I don't know much about classical music other than there are pieces I like to listen to. Thank goodness for Pandora and Spotify and their radio station suggestions. It's how I've found a lot of pieces I like. I still couldn't name any of them other than Vivaldi's Spring. I'll have to search out your suggestions and see if they're available.
    The Coalition For Disturbing Metaphorshalfshellvenus on July 7th, 2013 06:35 pm (UTC)
    I wouldn't recommend the Bruckner as a starting point (his 4th symphony has 3-4 impressive movements instead of the 2 that the 8th has). But the Horowitz/Beethoven sonatas are terrific, Beethoven's 3rd, 5th, 7th, and 9th symphonies are popular for a reason, and you probably could find some fun things like ballet suites for Giselle, or Swan Lake, or Les Sylphides. The Polovtsian Dances (Borodin) are also terrific.

    I hadn't thought about what might be available on Pandora regarding classical music-- now I'll have to check THAT out! :)
    MamaCheshirecheshire23 on July 7th, 2013 01:22 pm (UTC)
    Thanks for putting this together - it gave me a lot to think about as I look for good classical music both for myself and for my kids!
    The Coalition For Disturbing Metaphorshalfshellvenus on July 7th, 2013 06:39 pm (UTC)
    I made some suggestions in the comments above about other pieces to look for. But the main thing is that peformances can vary so much, it's worth finding one that works for you. Even the same piece of music can have a hugely different "feel" to it, depending upon the performance. So, if a piece doesn't grab you at first but you think it has potential, try some other recordings and see how that goes.

    Thanks for reading!
    favoritebeanfavoritebean on July 8th, 2013 08:01 am (UTC)
    I have yet to find a likeable recording of Mahler's 2nd. Then there are the performances of pieces that are truly amazing, yet never recorded for us to listen to over and over.

    Since you mentioned the Beethoven, I'm curious as to what you thought of Emmanuel Ax's recording.

    Please let us know if you find a good Finlandia. I really love that piece, but have only relied on live performances for it. I feel in the case of that piece, no recording would do it justice.
    The Coalition For Disturbing Metaphorshalfshellvenus on July 9th, 2013 02:17 am (UTC)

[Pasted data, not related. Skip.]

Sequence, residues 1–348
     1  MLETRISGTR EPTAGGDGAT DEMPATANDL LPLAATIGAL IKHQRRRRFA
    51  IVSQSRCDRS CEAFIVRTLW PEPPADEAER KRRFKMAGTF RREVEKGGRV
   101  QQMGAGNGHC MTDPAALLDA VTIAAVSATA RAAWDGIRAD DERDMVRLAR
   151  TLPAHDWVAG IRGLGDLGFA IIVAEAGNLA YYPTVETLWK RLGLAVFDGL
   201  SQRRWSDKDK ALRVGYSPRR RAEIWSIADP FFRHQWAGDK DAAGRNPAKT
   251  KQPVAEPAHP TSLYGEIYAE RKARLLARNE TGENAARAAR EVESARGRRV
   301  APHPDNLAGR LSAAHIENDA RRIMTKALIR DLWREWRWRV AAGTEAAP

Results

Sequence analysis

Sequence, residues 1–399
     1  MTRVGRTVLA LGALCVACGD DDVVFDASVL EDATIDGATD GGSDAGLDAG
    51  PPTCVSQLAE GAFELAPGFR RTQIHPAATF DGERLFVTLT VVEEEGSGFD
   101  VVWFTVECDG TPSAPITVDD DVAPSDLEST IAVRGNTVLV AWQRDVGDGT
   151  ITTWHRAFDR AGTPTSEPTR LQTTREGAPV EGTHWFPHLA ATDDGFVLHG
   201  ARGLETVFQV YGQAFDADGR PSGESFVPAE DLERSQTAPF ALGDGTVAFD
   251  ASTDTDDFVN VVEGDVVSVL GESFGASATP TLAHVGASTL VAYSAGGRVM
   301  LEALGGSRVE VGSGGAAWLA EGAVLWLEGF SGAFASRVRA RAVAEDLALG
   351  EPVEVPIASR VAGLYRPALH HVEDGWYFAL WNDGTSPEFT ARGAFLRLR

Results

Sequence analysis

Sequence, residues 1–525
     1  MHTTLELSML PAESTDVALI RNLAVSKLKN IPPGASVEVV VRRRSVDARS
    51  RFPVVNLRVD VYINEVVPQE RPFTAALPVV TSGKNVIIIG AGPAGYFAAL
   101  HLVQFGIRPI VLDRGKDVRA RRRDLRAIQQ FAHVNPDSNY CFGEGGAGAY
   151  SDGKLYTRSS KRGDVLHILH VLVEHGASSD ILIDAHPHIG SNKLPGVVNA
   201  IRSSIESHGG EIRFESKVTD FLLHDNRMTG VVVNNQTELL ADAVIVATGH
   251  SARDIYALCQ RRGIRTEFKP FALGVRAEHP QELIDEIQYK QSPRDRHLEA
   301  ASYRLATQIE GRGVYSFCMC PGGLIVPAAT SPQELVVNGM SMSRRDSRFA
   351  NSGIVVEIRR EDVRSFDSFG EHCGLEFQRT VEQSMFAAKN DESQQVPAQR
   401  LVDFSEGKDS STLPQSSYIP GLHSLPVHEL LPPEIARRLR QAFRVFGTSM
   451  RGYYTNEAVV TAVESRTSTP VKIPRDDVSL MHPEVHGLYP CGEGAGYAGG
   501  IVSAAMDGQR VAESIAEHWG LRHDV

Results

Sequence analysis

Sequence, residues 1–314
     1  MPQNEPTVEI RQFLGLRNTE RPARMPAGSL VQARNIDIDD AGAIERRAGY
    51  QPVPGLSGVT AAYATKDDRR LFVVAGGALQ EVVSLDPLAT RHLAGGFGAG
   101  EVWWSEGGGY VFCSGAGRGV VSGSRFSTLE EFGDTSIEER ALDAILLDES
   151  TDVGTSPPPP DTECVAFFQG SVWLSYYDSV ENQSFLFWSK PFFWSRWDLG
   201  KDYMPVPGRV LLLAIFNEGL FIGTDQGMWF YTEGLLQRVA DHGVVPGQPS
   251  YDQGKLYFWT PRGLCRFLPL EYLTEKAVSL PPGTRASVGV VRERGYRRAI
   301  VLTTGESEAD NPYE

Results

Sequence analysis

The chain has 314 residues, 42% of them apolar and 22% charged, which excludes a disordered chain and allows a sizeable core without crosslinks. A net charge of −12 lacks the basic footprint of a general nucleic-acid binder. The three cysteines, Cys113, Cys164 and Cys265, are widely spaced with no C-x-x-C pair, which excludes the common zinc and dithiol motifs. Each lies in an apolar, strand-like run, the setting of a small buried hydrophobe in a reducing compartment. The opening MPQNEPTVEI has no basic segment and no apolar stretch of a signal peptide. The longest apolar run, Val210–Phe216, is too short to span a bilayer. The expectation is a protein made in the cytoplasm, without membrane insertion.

I have a Mahler 2nd that I like. For some reason, I thought it was an out-on-a-limb choice for me, like Riccardo Muti or something. But it's actually Solti and the Chicago SO again, with Isobel Buchanan and Mira Zakai. I don't like Zakai's voice terribly much, but I love the rest of this performance.

    I've liked Ax's recordings in general, but don't have a reference point for his Moonlight Sonata. I checked at Amazon, but didn't see anything. There's a ton of Brendel, though!
    (no subject) - favoritebean on July 9th, 2013 02:48 am (UTC) (Expand)
    (no subject) - halfshellvenus on July 9th, 2013 05:42 pm (UTC) (Expand)
    adoptedwriteradoptedwriter on July 8th, 2013 03:08 pm (UTC)
    I know so little re classical music, but I do know how different versions of the same song can mean the whole world. A badly done rendition/ remake is such a joke. Likewise a fresh new version of an older song can be a lot of fun. AW
    The Coalition For Disturbing Metaphorshalfshellvenus on July 9th, 2013 02:19 am (UTC)
    So true. I often like the covers that don't attempt to sound like the original. Chris Issak's "Heart Full of Soul" is nothing like the original, but really good on its own. Same for Lenny Kravitz's "American Woman" vs. The Guess Who.

    Some, now, are an abomination. Lately, I've heard pop girly singers doing "Somebody To Love" and "Born To Be Wild." Sacrilege!
    The New Bubble Girlbanyangirl1832 on July 8th, 2013 07:46 pm (UTC)
    Oh, this was lovely! I grew up playing classical violin and reading all these wonderful musical terms and annotations was like reading a language I haven't spoken in far too long. Thanks for this.
    The Coalition For Disturbing Metaphorshalfshellvenus on July 9th, 2013 02:20 am (UTC)
    I played classical violin too, for so many years. I was lucky enough to play in two orchestras during my three years in Illinois, and regret that the local Sacramento Symphony was FAR above my capabilities. :)
    Jemima Paulerjem0000000 on July 9th, 2013 10:11 am (UTC)
    You did a good job of making this interesting for those of us who aren't quite musically inclined. :)
    The Coalition For Disturbing Metaphorshalfshellvenus on July 9th, 2013 05:43 pm (UTC)
    I'm really glad to hear that-- I'd hoped it wouldn't scare people off too much, and that laypeople could hear the differences in performances enough to know why some might be preferred and others... not so much. ;)
    michikatinski on July 9th, 2013 03:08 pm (UTC)
    Ohhhh...another classical music fan. :) Sometime, if we ever meet, wanna hop over to a concert together? (My favorite orchestra is Cleveland, but I'm open to any that can play in a way that captures my imagination. :) )

    Have you ever read Zen and the Art of Motorcycle Maintenance? The discussions of quality there might interest you. :)

    I'm a big fan of this piece. Good job. <3

    The Coalition For Disturbing Metaphorshalfshellvenus on July 9th, 2013 06:22 pm (UTC)
    Sure, I'd love to!

    I have fond memories of the Cleveland SO under George Szell. That was a good era for them.

    I tried to read "Zen..." ages ago, but couldn't get through it. I was a teenager then, so maybe I should give it another try. It's only been, what, more than 30 years?

    I'm glad you enjoyed this, and it's always nice to meet another music fan!